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  • Maria R. de Almeida

Fibromyalgia


Fibromyalgia it is a syndrome, a rheumatism of soft tissues. Its main symptoms are tiredness and specially, muscular pain. It is a chronic pain

that most of the time affects all the body. However, it can begin in a certain area: for example neck and shoulders and extend to other parts of the body. Intensity of the pain varies from patient to patient. In a patient, it varies depending on the time of the day, the level of physical activity… Most of the people suffering from fibromyalgia say they always have some pain, sometimes very severe.

It is estimated to affect around 2,4% of the world population. Approximately, 13% of the patients going to the GP have fibromyalgia and more than 10% of the patients who go to the reumathologist.

Traditional medicine cannot explain its origin. It is interesting to remark that there is no physical lesion which justifies the pain. The physical examination of the patient and all the tests performed: blood test, X-Ray … and any other tests are normal. There is no inflammation, nor joint alteration. Mobility is normal, other than the limitations due to pain. People suffering from fibromyalgia show increase sensitivity to pain: When pressing on those spots, they feel sore. These “tender points” on the body are one hallmark of fibromyalgia. Tender points can be located on the back of the head, elbows, shoulders, knees, and hips. There are 18 possible tender points in all.

These patients suffer from significant limitations in their everyday life due to the chronic pain which persists despite medical treatment. One of the most striking features is the intensity of the pain. Patients claim how intense and unbearable the pain is. They often describe it as exhausting and depressing.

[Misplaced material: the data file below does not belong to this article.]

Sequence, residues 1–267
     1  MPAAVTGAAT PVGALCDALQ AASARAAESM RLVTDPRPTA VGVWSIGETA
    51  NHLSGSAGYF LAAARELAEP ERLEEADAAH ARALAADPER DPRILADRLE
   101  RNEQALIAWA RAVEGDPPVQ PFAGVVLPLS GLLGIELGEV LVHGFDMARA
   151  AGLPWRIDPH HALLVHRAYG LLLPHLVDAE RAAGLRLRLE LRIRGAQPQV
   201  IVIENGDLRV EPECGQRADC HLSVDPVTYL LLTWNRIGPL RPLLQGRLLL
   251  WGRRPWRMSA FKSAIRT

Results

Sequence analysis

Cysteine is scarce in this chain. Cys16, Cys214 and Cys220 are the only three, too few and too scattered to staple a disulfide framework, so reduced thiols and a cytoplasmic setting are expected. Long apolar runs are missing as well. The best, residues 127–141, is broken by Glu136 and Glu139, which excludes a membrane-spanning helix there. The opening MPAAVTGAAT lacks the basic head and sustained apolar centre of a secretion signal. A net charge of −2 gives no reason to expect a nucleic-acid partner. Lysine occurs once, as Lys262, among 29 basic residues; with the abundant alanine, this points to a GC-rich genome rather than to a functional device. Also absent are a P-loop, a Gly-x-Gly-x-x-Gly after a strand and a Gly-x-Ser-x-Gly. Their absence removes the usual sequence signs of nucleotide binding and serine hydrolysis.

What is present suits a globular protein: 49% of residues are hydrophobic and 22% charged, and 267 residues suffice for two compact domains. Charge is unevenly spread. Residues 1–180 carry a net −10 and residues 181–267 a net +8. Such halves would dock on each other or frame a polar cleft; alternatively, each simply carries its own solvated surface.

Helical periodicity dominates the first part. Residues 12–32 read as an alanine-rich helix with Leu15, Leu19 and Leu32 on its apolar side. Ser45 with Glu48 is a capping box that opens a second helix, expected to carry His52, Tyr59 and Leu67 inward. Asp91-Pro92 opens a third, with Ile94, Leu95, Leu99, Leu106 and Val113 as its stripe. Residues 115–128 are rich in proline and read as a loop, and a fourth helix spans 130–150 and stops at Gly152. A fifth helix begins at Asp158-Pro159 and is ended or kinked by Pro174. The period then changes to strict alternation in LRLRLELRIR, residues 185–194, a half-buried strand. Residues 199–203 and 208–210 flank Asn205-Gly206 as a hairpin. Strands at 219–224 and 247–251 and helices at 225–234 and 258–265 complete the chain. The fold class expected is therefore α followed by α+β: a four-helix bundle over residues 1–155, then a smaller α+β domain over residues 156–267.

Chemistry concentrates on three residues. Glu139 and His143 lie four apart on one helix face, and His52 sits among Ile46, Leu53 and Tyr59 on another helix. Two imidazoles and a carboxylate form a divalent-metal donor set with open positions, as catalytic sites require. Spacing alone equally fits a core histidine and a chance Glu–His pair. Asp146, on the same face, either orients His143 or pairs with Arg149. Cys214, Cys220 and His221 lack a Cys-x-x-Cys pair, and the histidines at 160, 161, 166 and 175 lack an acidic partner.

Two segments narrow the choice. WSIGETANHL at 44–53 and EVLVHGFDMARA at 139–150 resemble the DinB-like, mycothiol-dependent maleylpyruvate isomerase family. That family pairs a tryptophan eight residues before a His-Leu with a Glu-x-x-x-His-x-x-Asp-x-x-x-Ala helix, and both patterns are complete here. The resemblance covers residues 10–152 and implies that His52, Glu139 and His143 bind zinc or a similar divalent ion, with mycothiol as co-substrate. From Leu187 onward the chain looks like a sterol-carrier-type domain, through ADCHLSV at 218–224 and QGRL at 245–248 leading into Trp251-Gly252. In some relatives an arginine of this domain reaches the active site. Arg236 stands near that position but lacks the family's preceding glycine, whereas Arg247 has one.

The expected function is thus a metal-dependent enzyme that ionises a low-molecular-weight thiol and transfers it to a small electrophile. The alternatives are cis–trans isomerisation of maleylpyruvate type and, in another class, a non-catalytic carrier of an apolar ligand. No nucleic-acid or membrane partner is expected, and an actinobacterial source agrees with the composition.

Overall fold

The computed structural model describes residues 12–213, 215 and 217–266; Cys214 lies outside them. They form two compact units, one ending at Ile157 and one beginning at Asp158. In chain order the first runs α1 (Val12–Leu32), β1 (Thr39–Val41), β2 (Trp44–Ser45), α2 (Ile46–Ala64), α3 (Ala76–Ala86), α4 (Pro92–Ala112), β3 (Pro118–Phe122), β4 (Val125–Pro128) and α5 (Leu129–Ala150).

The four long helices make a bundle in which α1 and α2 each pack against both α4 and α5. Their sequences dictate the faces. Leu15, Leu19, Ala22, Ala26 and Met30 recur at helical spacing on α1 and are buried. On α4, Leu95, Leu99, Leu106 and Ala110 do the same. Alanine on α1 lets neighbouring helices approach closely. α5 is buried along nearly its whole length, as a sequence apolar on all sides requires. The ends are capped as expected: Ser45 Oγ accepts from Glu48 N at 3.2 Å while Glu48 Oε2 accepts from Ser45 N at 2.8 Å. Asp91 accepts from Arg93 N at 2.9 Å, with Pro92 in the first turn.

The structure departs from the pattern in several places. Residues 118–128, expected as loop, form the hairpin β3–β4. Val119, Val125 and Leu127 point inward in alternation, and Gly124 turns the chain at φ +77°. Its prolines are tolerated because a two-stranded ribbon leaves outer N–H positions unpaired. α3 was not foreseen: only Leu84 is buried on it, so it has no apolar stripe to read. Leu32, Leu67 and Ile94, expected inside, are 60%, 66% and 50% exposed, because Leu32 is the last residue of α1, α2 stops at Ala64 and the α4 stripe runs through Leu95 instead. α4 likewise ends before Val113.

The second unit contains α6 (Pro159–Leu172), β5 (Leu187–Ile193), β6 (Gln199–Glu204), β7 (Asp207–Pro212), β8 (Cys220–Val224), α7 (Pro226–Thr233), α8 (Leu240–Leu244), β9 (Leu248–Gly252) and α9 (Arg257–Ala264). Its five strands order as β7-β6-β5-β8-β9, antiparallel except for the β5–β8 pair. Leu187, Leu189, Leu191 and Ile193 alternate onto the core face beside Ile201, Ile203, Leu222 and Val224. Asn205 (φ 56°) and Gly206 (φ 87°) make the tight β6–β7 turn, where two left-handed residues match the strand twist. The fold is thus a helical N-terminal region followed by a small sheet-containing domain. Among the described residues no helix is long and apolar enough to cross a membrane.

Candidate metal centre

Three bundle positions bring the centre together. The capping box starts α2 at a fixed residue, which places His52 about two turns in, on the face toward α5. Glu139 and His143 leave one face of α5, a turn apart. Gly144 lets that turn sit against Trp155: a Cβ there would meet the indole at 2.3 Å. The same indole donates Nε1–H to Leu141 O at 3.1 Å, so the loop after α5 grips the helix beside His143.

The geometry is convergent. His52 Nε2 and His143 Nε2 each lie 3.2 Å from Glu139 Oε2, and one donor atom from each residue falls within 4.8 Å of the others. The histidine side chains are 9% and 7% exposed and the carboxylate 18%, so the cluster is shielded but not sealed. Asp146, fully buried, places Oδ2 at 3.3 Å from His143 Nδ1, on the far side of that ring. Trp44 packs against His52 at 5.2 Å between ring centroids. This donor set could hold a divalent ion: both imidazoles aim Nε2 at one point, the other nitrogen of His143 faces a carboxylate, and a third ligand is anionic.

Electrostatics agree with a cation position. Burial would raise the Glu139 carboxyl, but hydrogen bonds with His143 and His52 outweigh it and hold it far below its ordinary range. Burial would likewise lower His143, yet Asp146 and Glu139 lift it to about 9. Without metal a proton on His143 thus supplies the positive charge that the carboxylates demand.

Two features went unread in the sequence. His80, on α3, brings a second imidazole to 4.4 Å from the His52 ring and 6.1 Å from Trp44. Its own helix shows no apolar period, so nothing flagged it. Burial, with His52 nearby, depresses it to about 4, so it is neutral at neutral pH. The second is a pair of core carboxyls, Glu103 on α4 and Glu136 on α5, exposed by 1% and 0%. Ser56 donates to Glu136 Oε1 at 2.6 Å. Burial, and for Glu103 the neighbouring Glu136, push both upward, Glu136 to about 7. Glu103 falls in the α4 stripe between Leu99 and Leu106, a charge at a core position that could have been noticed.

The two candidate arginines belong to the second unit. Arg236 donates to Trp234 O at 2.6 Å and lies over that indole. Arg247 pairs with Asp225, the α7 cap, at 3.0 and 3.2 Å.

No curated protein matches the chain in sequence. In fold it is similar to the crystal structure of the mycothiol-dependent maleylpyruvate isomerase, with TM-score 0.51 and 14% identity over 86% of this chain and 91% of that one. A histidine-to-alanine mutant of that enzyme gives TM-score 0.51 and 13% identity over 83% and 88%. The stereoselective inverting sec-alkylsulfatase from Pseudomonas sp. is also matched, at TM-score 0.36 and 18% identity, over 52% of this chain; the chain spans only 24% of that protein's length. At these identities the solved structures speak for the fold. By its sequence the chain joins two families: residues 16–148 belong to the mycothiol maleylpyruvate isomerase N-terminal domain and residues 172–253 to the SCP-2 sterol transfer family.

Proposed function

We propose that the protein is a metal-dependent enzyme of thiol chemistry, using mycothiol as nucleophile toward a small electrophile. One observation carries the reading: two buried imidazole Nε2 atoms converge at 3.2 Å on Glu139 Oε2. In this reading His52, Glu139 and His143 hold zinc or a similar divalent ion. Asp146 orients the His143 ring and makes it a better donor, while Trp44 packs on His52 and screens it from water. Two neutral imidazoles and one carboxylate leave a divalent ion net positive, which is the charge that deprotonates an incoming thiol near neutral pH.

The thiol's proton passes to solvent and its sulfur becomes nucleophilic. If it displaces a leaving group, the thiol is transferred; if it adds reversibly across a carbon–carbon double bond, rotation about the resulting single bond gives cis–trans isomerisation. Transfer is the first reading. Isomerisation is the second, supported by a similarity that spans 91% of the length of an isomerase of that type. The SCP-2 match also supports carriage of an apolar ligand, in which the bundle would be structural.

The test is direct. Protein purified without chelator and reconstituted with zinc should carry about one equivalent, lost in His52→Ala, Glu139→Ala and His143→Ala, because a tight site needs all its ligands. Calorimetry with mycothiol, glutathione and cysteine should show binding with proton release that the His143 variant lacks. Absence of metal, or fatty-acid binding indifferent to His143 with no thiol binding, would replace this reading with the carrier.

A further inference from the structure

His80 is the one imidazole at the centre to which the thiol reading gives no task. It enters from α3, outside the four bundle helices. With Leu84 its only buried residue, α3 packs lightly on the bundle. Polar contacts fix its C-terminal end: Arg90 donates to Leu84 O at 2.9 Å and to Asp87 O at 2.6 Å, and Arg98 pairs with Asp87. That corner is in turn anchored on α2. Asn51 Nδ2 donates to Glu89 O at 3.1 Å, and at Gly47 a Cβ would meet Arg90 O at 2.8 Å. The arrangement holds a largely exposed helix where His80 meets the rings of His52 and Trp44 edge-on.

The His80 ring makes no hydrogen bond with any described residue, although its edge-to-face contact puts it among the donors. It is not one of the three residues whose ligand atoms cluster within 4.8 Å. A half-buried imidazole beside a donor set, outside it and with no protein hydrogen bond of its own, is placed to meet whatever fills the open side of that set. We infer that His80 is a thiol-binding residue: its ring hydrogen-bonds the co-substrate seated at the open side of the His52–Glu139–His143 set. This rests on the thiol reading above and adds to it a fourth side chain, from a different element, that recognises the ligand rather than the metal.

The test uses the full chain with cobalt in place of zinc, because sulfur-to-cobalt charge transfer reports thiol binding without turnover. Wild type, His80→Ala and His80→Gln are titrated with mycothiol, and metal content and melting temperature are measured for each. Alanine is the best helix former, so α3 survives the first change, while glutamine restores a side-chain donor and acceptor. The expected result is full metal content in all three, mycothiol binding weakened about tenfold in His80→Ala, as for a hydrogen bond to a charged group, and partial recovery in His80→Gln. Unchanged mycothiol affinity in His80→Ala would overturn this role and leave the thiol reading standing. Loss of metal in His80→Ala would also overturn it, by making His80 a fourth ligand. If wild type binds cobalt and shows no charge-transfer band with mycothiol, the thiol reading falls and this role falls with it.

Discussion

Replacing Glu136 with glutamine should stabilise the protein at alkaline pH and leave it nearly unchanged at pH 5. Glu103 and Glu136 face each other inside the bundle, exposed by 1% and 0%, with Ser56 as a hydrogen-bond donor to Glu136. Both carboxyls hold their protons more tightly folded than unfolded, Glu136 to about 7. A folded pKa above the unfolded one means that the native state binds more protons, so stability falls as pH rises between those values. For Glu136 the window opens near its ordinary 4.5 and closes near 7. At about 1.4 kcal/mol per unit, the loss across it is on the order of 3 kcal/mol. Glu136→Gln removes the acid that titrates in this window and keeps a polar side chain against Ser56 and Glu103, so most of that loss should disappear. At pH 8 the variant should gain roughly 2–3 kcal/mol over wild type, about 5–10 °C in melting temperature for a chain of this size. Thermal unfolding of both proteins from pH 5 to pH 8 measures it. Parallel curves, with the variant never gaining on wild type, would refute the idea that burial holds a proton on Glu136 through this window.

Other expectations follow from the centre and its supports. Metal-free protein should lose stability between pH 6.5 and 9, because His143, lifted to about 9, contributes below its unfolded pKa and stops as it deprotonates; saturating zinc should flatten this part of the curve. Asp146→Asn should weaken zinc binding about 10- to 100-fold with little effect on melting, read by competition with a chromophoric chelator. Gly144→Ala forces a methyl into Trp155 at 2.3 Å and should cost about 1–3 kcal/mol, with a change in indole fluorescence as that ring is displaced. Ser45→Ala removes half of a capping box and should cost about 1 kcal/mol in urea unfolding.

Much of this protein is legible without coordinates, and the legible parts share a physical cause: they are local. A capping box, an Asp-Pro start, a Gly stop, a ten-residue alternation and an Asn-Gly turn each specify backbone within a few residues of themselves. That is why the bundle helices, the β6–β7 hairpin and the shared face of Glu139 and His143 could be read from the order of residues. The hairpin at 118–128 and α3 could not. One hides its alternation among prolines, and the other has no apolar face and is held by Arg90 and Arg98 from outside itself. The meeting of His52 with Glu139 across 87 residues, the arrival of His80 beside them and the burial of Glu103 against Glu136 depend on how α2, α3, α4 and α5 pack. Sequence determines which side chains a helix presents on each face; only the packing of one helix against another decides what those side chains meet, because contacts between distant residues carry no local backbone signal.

Apart from the pain they suffer from fatigue, tiredness not related to psychical activity and which does not improve with rest. Sleeping disorders, headaches, hands paraesthesia and IBS are also very common.

In 1990, American School of Reumathology (ASR) established some guidelines to help to diagnose fibromyalgia. According to ASR, someone suffers from fibromyalgia if he/she has a history of generalised pain, without a lesion to justify it for at least 3 months and pain in 11 or more of the 18 tender points.

It is important to remark that they dont have an underlying physical lesion which justify those symptoms: fatigue, chronic pain, irritable bowel… The root of their disease is psychic.

If we include the unconscious psychic processes when we think about physical disease, we can figure out the different sicken processes remembering that we can not separate the psyche from the soma. All stimuli, psychic as much as somatic, have to be elaborated via psyche and via soma. Hysterical patients can not elaborate psychic stimulus via psyche. This is why, through the mechanism of conversion, they divert that psychic stimulus to the soma, creating symptoms in the body.

Could then fibromyalgia be a sort of hysteria? Main characteristic of hysteria is that there is no underlying physical injury which justify the physical symptoms, exactly the same as in fibromyalgia. Hysterical symptoms are the expression of sentences in the body. For example, blindness could be related to the sentence “ I do not want to see that” and Leg paralysis, to “I can not go any step further”. The underlaying sentence to chronic pain could be different for each patient.

From medical point of view, as the root of the disease is unknown, the treatment is symptomatic: painkillers to help ease the pain but they do not cure the disease. Thinking fibromyalgia as a sort of hysteria, would give as the chance to think how to cure it. Fibromyalgia can be cured with Psychoanalysis.


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